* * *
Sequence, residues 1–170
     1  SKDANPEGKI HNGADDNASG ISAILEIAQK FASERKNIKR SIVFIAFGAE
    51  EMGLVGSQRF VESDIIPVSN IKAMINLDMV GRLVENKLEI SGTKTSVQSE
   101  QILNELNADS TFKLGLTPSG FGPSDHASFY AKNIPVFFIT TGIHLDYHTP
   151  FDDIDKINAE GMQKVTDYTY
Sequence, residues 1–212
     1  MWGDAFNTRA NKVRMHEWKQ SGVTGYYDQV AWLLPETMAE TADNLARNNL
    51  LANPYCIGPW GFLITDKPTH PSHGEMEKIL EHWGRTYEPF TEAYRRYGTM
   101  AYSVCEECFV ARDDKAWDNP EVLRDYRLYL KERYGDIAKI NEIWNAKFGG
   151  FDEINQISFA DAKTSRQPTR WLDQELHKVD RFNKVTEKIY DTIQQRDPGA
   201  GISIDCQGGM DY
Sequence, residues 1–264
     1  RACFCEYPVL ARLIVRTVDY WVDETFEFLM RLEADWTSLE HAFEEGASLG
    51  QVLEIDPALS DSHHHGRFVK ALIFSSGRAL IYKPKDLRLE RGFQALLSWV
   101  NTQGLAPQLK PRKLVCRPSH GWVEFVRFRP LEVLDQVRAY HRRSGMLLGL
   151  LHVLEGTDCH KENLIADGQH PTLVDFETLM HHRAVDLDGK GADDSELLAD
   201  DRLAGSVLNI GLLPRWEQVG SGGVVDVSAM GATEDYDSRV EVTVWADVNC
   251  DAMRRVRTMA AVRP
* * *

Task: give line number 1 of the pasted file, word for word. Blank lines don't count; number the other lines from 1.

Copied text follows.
Sequence, residues 1–170